This leads me to my final theory, which is that the nature of news is essentially random. Sure, any media outlet has things it must cover—the economy, elections and so forth. But because far more news exists than any single media outlet can handle, it’s up to the reporters’ (and editors’) discretion as to where their interests lie. For example, when I served as the Austin-based Southwest correspondent for The Economist from 2005 to 2007, I became fascinated by alternative energy so I wrote about the wind turbines proliferating in West Texas and the green initiatives of Wal-Mart. My successor has done more immigration stories. The balance is probably good for readers.
Local media has less discretion because its coverage has stricter geographical bounds. These days, I cover energy and the environment for The Texas Tribune
, an online start-up and a job I truly love. There are certain subjects I can’t skip—battles between Texas and the Environmental Protection Agency over air pollution permits, for example, and controversy over a natural gas drilling technique known as hydraulic fracturing. And I have pages of ideas, many of which will never see the light of day because I just don’t have time.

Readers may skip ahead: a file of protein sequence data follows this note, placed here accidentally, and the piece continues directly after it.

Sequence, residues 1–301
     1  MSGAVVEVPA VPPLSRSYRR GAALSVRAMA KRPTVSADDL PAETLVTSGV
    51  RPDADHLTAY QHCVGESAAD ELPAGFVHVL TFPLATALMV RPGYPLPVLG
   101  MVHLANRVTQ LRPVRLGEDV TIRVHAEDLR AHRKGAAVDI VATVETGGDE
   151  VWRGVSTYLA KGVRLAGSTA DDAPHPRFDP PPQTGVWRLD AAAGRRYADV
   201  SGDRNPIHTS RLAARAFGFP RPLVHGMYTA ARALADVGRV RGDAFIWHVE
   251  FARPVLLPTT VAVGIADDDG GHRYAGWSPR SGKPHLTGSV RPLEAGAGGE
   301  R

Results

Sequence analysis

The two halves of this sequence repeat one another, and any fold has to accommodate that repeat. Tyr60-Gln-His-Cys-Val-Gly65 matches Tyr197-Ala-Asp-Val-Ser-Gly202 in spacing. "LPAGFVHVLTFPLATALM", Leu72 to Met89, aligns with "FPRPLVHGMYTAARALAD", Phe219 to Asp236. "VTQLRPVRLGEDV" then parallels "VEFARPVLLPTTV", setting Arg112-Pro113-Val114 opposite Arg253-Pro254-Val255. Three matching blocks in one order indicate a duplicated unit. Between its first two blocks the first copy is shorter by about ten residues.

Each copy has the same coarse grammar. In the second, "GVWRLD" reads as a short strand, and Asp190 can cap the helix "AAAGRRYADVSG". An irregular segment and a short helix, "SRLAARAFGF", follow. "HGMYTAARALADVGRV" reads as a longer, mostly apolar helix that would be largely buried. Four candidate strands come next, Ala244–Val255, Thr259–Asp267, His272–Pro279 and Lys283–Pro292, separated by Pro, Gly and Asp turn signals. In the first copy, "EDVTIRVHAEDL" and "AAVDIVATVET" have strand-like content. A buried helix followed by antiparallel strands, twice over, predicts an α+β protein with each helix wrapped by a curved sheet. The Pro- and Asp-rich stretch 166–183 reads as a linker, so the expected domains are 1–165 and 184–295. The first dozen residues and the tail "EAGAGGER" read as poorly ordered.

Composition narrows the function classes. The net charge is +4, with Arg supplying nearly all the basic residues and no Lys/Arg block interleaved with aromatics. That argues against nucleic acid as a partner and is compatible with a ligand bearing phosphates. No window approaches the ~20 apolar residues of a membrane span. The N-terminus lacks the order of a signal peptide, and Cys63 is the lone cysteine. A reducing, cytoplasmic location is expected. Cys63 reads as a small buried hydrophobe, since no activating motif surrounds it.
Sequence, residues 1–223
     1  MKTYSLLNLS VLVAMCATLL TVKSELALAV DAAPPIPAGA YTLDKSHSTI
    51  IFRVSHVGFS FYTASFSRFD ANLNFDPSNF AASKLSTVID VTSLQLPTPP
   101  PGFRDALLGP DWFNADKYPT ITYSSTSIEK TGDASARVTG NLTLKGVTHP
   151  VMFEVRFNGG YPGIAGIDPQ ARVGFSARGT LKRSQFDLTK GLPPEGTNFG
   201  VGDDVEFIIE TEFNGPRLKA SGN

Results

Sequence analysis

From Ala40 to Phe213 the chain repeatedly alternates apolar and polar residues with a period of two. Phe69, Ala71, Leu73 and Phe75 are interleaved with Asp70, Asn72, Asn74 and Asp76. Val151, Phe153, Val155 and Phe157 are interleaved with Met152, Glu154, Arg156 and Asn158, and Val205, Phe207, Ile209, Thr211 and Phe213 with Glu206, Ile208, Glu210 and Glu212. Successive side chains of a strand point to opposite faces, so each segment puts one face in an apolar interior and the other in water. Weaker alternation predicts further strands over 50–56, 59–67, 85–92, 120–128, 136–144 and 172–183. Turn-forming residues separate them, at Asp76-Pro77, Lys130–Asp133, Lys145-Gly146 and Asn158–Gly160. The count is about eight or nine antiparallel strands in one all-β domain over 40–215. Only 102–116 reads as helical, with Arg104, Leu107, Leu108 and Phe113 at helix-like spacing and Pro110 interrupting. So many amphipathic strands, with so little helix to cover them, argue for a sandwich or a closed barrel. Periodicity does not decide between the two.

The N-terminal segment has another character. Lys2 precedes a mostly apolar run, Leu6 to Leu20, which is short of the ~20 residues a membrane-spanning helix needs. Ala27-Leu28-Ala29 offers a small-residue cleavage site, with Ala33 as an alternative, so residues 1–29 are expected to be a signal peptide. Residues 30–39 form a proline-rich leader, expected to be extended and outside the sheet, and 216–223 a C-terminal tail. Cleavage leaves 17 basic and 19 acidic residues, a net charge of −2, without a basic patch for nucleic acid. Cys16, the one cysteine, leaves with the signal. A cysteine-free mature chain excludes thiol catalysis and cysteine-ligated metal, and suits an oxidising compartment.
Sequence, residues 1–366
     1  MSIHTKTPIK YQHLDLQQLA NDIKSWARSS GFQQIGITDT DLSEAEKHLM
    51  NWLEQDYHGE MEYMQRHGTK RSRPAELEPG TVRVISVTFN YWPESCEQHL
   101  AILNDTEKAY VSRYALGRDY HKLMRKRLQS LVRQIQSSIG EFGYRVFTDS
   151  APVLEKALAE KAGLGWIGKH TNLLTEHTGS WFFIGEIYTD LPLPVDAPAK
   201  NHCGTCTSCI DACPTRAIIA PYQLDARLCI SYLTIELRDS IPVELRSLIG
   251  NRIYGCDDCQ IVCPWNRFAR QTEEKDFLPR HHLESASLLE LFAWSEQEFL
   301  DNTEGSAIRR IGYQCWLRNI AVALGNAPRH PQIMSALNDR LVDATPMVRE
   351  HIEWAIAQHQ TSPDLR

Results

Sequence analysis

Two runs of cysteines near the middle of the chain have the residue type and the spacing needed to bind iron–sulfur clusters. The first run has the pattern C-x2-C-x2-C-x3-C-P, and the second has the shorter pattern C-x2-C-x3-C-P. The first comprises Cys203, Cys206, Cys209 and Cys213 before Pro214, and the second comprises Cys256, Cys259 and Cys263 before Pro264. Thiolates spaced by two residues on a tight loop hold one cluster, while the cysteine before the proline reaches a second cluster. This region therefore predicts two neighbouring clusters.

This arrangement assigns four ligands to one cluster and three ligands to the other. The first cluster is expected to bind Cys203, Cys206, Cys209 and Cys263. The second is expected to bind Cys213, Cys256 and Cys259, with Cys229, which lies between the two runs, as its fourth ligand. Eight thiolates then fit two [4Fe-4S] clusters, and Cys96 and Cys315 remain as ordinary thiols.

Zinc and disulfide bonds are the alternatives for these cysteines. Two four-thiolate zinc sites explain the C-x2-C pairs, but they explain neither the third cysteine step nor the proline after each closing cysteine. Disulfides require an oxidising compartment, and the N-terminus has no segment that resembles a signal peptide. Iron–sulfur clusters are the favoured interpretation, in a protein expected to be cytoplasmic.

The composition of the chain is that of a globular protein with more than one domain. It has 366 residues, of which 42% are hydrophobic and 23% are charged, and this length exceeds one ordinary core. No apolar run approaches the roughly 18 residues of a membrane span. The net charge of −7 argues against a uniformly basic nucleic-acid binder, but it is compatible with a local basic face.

The proliferation of new media is actually helping to solve the problem of too much news. The nonprofit Texas Tribune sees itself as a complement to other media, not a competitor. So if I see a story from a Texas paper that touches on an area I haven’t covered, I tweet it out to my followers and put a link on TribWire—our homepage feed for interesting stories about Texas from around the Web. Unless I have something meaningful to add, I happily cross the topic off my list.
Twitter and Google, in other words, help knock off more wedges from the collective news pie, by bringing readers into contact with stories they might not have seen otherwise. Even still, there is a lot to cover—and there’s less reason than ever to wall oneself off into a silo. A beat functions best as a starting point, not a boundary. Kate Galbraith, a 2008 Nieman Fellow, covers energy and the environment for The Texas Tribune.
as the case may be. Beats help reporters define their roles and ensure minimal overlap. That’s efficient. But beats also strike me as potentially limiting.